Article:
Leaving The Pastorate Set Me Free

Kary Oberbrunner

Pastors traditionally “retire” one of two ways:

  1. They commit a moral failure (affair, embezzlement, etc.)
  2. They get old.

I didn’t qualify for either.

Yet slowly over time I felt an increasing conviction about leaving the pastorate. My performance wasn’t suffering. In fact, I had just been offered a promotion. But that spring afternoon, a few Mays ago, I found myself sitting in my director’s office emotionally informing him I couldn’t accept my promotion with complete integrity. In church world sometimes they appoint a successor prematurely. I felt honored they’d chosen me to lead the church. The catch? Succession was in the distant future, like ten years away. In the prime of my life, I wasn’t comfortable making a long-term commitment. Besides, I had reservations about the position overall.

  • Was it a good fit?
  • Was it really my calling?

In my heart, I knew it wasn’t. But I had few other options, or so I thought. Stepping back from the situation, I could see common sense trying to lead me. My head and my heart entered a great debate:

  • This is why I went to grad school—to lead a church. Why wouldn’t I take it?
  • Thirty-three years old with a young family isn’t the time to reinvent yourself.

I felt caught between my present day job and my potential dream job. Thankfully, I had a gracious boss and an understanding director who allowed me to keep serving on staff despite refusing the promotion. I continued to invest in the church giving the people my best efforts. I truly loved and cared for them. Yet at the same time, I knew my day job wasn’t my final destination.

Can the pastorate be preparation for something else?

Growing up as a pastor’s kid, I got the impression once a pastor always a pastor. I searched my subconscious for examples of successful transitions. Without locating any, I scoured the Scriptures instead. Bible students know how shepherding and pastoring are used interchangeably. The Scriptures are full of these metaphors. Referencing teaching the Word of God to the church, Jesus told Peter to “feed my sheep” (John 21). The Apostle Paul writes in Ephesians 4:11, “…and he gave some as pastors (Greek =  “POIMEN” = shepherds).

The Scriptures reveal many people who started out as shepherds (Abel, Jacob, Rachel, Joseph, Moses, and David). These people transitioned into different roles both in “spiritual” and “secular” professions. They became patriarchs, matriarchs, kings, rulers, and leaders. Evidently, God saw wisdom in having them care for sheep before they cared for nations, kingdoms, and business affairs. Perhaps God viewed shepherding as preparation for something else? Perhaps God actually ordained their transition?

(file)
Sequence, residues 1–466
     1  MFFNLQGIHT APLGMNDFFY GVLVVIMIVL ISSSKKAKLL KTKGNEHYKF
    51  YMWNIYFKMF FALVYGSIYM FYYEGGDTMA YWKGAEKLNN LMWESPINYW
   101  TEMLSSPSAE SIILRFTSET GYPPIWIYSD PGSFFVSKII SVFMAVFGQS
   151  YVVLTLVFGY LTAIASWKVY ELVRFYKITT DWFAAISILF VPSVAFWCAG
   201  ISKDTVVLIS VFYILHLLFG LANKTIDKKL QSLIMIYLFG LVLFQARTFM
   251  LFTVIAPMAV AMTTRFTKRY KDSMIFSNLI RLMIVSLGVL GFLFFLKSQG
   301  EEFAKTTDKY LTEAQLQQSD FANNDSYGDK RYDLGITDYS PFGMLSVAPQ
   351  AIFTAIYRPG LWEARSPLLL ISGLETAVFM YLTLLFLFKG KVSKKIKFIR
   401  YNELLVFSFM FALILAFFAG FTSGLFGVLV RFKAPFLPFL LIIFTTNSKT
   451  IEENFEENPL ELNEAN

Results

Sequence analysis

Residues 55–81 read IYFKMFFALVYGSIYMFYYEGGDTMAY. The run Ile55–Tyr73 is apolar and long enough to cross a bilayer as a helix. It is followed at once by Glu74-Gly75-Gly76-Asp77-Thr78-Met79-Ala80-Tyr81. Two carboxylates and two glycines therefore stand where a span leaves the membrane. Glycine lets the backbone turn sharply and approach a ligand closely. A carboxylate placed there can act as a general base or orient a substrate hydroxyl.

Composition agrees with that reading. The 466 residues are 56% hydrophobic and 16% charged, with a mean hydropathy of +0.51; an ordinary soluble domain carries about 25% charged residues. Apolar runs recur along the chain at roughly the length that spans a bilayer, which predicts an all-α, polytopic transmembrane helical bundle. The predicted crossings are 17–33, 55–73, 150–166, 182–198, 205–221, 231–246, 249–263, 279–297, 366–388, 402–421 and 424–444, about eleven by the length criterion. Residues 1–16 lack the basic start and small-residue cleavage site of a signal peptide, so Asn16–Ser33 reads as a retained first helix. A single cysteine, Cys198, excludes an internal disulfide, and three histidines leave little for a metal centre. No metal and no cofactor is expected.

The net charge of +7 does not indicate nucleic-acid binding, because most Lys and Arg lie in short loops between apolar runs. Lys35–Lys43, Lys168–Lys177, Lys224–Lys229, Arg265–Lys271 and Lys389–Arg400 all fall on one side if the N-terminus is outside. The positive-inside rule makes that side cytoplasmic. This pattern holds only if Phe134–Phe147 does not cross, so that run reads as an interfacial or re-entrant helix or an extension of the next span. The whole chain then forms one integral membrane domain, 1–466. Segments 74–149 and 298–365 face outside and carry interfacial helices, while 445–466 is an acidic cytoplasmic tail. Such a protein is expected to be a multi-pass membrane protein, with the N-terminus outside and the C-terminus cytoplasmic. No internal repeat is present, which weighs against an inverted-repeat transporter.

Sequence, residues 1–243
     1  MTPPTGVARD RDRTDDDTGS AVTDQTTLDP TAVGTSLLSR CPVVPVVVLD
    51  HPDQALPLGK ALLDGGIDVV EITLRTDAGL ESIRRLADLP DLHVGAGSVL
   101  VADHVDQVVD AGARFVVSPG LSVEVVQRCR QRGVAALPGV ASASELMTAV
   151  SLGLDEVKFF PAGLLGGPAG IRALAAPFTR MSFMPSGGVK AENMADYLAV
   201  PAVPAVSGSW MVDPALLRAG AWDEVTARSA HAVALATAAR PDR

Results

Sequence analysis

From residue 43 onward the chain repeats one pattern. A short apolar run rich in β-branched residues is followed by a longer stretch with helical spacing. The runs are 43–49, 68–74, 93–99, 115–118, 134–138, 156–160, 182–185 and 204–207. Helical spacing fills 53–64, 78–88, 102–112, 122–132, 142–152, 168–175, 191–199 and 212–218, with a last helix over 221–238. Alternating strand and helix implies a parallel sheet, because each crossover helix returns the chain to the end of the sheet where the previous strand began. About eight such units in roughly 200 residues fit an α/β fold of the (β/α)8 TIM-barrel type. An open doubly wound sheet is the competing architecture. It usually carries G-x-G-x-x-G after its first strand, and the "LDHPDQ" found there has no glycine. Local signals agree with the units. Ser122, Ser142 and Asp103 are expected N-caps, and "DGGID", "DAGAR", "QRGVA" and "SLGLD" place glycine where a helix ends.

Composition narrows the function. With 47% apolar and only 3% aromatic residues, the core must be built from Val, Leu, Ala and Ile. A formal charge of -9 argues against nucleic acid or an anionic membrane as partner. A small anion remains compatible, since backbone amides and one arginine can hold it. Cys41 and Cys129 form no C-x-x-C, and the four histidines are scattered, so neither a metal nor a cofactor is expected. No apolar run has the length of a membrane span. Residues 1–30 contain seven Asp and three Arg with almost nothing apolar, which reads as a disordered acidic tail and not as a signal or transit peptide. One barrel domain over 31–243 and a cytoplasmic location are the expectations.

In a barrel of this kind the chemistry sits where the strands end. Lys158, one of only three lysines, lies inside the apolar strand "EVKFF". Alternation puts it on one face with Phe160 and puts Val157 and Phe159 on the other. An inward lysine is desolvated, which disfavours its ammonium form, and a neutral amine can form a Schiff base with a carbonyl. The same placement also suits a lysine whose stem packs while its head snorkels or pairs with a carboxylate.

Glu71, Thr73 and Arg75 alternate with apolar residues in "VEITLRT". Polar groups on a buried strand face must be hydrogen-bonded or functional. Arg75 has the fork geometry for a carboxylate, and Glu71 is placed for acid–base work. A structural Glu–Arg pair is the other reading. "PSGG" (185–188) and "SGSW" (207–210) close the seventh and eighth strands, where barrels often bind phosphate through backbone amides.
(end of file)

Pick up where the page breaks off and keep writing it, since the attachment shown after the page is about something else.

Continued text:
So how do you know it’s the right time to leave? After all, over 1700 pastors leave “the ministry” every month. Are all these departures God-ordained?

When Is the Right Time to Leave Your Day Job?

Months before I left my day job, I remember chatting with one of my mentors, John Maxwell. (John is also one of the few pastors I know who left on a positive note.) I asked him how to know if it’s the right time to leave. From our conversation, I drew the following conclusions:

The Right Time to Leave—A Good Type of Restlessness

  1. When you’ve fulfilled your calling.
  2. When you’re being pulled toward improvement.
  3. When you’re embracing a new assignment.
  4. When you’ve reached your potential.
  5. When you’ve learned as much as you can from the people around you.

The Wrong Time to Leave—A Bad Type of Restlessness

  1. When you’re bored.
  2. When you’re running from improvement.
  3. When you’re escaping your current assignment.
  4. When you haven’t paid the price.
  5. When you think you’re better than the people around you.

John concluded his thoughts that day by saying something that ripped right through me. He said, “Remember, don’t move anywhere else until you’ve done the best where you are.


Because I had done my best at my day job, I realized my departure was inevitable. Even though I knew this, my church didn’t. Preparing to make this announcement felt incredibly difficult. Because I had a visible role, I knew I needed to communicate my departure to all one thousand members at once. You can imagine the fear I felt. Forget slipping out the back door! I had to announce my escape from a stage—literally. During the week of my announcement many thoughts went through my head. When I thought about disappointing people, I felt panic. Yet when I thought about pleasing God, I felt peace. The day of the announcement went better than expected. My wife, Kelly, stood by my side in support. To our surprise, at the conclusion of the news, the entire church cheered and gave us a standing ovation. Funny, huh? The only standing ovation I ever received in my life came the moment I announced I was leaving. But all joking aside, their genuine appreciation strengthened my confidence in a very emotional moment.

Life after Death

Leaving the pastorate was hard. After all, loving deeply hurts greatly. Despite the initial grief, today we couldn’t be happier, more at peace, and more on fire. I’m Igniting Souls full-time in my business and in my non-profit. I’ve gained a business partner and started two international teams with over 100 coaches, speakers, and authors.

Sometimes letting go is essential to moving forward. Sometimes leaving the pastorate will set you free. 

Kary Oberbrunner is the author of DAY JOB TO DREAM JOB: practical steps for turning your passion into a full-time gig. 

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